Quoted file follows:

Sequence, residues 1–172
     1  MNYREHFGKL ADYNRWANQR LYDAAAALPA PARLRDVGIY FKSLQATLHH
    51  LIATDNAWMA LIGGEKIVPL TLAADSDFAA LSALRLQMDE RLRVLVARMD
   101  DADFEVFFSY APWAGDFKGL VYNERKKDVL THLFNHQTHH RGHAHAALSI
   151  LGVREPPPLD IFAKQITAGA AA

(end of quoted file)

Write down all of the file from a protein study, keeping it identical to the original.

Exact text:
Sequence, residues 1–172
     1  MNYREHFGKL ADYNRWANQR LYDAAAALPA PARLRDVGIY FKSLQATLHH
    51  LIATDNAWMA LIGGEKIVPL TLAADSDFAA LSALRLQMDE RLRVLVARMD
   101  DADFEVFFSY APWAGDFKGL VYNERKKDVL THLFNHQTHH RGHAHAALSI
   151  LGVREPPPLD IFAKQITAGA AA